Red Priest’s Johann, I’m Only Dancing; Pirates of the Baroque; Nightmare in Venice; Priest on the Run

As you can tell from the titles to these collections, the approach adopted by baroque ensemble Red Priest (Piers Adams, recorders; Julia Bishop, violin; Angela East, cello; Julian Rhodes, harpsichord) is not what you’d call “reverent.” It’s not slapstick, or anything like that — these are serious musicians. It’s more that they appreciate the music, but they see it as a real, everyday sort of thing, which I consider an admirable attitude.

One of the highlights of any recording by Red Priest is the accompanying notes. In these four releases, the notes provide a context and an explanation — a “theme,” if you will — that brings into focus the “why” of the collection. (They also display a highly developed sense of fun.)

In Johann, I’m Only Dancing, for example, we begin with a brief discussion of the two major approaches to the music of Johann Sebastian Bach — the purists, who insist that Bach’s music is so nearly perfect that any attempt at “personalization” is a disservice, and the tinkerers, who insist that Bach’s music is so nearly perfect that it can stand up to any modification without damage. Red Priest have opted for a middle ground, arranging the music to fit the instrumentation of the ensemble, with the aim of highlighting Bach’s facility for harmonies and to bring out the underlying liveliness of his music. Amazingly enough, they pull it off. Just to note a couple of favorites, the Toccata and Fugue in D minor (BWV 565) is immediately recognizable as the concert-hall staple so beloved of organists, but in the hands of Red Priest it takes on a contemporary edge, partly because of the colors of the instruments themselves, and partly because of the ensemble’s characteristically fast tempos. I’m not convinced this works so well on the Brandenburg Concerto No. 3 in G Major (BWV 1048) — the recorder in the first movement lends an almost cartoon quality to the music, although as it progresses it becomes less Looney Tunes and more Bach. On the whole, though, I think they’ve made their point.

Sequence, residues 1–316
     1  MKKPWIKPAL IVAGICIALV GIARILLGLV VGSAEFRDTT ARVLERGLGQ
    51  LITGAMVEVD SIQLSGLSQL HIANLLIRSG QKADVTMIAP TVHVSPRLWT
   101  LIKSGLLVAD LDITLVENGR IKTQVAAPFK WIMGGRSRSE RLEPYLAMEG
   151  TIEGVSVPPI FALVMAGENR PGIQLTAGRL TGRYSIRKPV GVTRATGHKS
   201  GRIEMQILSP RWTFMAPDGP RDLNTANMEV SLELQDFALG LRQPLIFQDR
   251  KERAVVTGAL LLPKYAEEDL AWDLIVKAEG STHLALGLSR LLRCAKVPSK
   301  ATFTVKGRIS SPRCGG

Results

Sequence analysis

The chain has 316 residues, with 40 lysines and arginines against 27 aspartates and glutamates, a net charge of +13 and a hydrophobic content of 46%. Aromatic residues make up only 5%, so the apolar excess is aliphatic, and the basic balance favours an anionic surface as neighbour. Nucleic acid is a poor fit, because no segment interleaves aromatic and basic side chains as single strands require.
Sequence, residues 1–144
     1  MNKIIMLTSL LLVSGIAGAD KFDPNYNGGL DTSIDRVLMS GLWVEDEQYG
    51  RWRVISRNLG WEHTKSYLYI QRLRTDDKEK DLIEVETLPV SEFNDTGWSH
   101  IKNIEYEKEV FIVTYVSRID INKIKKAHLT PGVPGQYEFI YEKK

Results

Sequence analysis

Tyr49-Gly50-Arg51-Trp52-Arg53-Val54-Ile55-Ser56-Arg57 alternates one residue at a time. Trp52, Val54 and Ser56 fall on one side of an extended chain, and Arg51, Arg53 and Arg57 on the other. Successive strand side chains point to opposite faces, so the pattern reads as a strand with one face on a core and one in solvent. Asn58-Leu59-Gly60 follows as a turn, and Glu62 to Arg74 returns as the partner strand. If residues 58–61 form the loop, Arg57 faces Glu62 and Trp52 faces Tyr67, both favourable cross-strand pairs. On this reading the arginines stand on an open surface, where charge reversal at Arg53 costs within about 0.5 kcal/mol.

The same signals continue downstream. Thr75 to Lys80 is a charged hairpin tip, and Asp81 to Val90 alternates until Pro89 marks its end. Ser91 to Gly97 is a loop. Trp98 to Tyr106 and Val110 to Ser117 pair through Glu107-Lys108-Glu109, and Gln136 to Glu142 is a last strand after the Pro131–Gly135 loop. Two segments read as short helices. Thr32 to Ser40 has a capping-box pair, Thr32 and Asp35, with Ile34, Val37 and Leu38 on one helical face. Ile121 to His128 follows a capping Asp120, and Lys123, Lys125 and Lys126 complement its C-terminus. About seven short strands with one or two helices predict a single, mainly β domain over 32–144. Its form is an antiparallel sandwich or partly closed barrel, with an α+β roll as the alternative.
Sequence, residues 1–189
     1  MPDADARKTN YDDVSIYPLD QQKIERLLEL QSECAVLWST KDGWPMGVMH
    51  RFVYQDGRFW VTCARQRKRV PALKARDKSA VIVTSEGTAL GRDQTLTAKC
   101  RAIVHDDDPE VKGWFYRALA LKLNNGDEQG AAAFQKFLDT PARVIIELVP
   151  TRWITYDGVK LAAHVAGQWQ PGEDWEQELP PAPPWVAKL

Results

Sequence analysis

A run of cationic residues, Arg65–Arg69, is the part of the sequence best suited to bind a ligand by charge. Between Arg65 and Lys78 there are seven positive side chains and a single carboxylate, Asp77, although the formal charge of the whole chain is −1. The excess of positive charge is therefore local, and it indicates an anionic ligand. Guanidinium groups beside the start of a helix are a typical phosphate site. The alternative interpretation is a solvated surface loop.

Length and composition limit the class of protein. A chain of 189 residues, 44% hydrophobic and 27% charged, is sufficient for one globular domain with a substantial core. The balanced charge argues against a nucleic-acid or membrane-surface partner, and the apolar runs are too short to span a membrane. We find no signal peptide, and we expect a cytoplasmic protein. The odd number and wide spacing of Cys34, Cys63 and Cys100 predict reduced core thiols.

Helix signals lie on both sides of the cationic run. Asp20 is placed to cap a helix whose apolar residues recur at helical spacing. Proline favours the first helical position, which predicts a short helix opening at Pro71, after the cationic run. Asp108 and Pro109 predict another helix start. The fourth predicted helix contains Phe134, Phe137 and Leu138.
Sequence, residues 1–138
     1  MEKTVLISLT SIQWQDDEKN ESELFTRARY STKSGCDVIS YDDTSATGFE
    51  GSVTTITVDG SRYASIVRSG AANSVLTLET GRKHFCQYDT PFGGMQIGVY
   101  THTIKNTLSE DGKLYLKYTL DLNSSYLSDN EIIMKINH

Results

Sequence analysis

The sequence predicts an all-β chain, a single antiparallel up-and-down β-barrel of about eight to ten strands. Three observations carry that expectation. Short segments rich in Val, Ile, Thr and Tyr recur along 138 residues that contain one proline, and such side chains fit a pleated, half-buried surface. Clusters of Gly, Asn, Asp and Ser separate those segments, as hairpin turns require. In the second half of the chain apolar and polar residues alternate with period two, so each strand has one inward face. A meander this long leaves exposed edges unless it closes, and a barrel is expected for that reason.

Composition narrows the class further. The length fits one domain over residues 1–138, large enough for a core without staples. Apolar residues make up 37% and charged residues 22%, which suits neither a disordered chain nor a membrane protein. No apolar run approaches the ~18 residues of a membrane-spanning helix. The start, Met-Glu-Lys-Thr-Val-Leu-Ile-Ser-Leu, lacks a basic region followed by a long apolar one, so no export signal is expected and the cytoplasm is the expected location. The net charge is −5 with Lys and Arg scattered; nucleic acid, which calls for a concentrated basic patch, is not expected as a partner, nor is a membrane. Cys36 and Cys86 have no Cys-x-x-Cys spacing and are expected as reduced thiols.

We tend to forget that the concept of “intellectual property” is of fairly recent provenance. Composers of the Baroque Era weren’t constrained by such things as copyrights and trademarks, or even licensing agreements. And so Red Priest brings us Pirates of the Baroque, which portrays not only some of the original piracy of the baroque composers, but some of the ways in which twentieth century composers and musicians — including Red Priest — have interpreted the idea. Granted, Red Priest’s piracy involves their own rearrangements of baroque works, but we are also treated to Giovanni Paolo Simonetti’s Sonata in C minor, Op. 5, No. 2, actually composed by Winfried Michel, a twentieth-century German composer who not only composed the complete Simonetti opus, but invented Simonetti. The disc also includes a famous work by Albinoni, the Adagio, composed in the 1940s by Italian musicologist Remo Gizzoto.

This is a disc that will probably drive purists right up the wall, but I have to confess that, as someone who likes baroque music at a reasonable distance, it’s a pleasing and enjoyable collection, characterized by Red Priest’s lively (and not always completely reverent) performances.